The History of Houseplants

Whether it’s for their fragrance, style, culinary use or health benefits, people have been bringing plants into their homes for thousands of years. The history of the houseplant is wicked – from female pioneers growing gardens upside down to sailors risking their lives to bring citrus trees back across the oceans. We give a knowing nod to the Victorians trying to combat pollution with the humble fern, and then have our minds blown as a houseplant reference book becomes the second biggest seller after the Bible. But throughout all this, one thing holds true: over thousands of years, we’ve all been plant obsessed.
No-one actually knows when the first plant was brought inside, but the first recorded examples can be found in artworks from Ancient Greece. The Greeks decorated almost every part of their lives, from their streets to the insides of their homes, so it’s no wonder that they turned their attention to plants. Ancient Egyptian records indicate the first official trade of flora between countries, and the badass Egyptian Queen Hatshepsut grew frankincense in her temple in 1478 BC. In ancient China, the Chinese pimped their homes with plants to signify their wealth, and Roman villas were scented with the blossom of citrus trees. In around 600 BC, King Nebuchadnezzar built botanical bliss down by the rivers of Babylon. He made the gardens for his wife, Queen Amytis, who missed the green hills of home, filling them with fragrant blooms – every plant you can imagine, and trees hanging from the ceiling!
In the seventeenth century, plant discoveries from far and wide were brought back by blustering sea captains. Houseplants got their first shout out in The Garden of Eden, a MASSIVE book written by Sir Platt in 1652. He wrote of ‘cultivating plants indoors’. Over three hundred years ago, the first book aimed at the ‘city gardener’ (sound familiar?) remarked on how fellow citizens indulged their love for gardening in the little space the city offered, by ‘furnishing their rooms or chambers with basins of flowers and bough pots’. Pots were a big deal in the eighteenth century, when they started to be mass-produced for commercial uses.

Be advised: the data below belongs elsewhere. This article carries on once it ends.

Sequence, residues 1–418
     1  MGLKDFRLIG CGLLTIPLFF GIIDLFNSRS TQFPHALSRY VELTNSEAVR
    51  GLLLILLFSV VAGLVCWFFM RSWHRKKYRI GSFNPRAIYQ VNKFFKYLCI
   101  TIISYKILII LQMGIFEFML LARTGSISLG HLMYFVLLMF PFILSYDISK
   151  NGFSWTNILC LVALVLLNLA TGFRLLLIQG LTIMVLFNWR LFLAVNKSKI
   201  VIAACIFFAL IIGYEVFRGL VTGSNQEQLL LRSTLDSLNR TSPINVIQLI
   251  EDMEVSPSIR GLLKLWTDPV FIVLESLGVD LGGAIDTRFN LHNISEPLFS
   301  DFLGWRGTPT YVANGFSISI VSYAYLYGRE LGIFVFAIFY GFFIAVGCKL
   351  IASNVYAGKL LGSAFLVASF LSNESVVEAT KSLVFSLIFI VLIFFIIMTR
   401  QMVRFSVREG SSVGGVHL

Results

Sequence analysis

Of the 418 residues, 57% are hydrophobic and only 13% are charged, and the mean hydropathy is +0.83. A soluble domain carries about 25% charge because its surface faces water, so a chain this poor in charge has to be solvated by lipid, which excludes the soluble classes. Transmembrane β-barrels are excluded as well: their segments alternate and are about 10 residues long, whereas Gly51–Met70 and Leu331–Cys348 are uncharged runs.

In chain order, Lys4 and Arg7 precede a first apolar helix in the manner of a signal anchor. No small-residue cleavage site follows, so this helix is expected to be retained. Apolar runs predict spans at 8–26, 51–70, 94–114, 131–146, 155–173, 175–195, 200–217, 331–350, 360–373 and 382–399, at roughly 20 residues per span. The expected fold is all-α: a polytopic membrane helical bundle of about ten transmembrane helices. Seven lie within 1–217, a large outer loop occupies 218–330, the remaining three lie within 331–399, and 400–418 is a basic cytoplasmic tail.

The nineteenth century saw advances in the home and as domestic heating improved, plants moved from hot houses to conservatories and into our living rooms. The arrival of the sash window from Holland led to the design of window sills and balconies and houseplants flourished, natch.
The twentieth century saw houseplants falling in and out of favour on the regs, but their big moment came in the 1980s, when they were not only considered as design features, but a great way of making a healthy home! Until this point there had been a strange stigma that houseplants were bad for you because they might attract pests and dust into the home, but when NASA launched their research that having plants in the home was absolutely beneficial for your health, plants flew off the shelves!
In recent years, plants have made (another) comeback, and we can look back to history to see why plants are relevant now. Like the Greeks, we are all looking for more ways of self-expression, like the Victorians we are trying to combat pollution, and like anyone living anywhere in the modern world we are trying to reclaim nature, in whatever mini-succulent-sized way we can.
To learn more about the history of the houseplant and the amazing benefits of so many more plants, pick yourself up a copy of How Not To Kill Your Plants!

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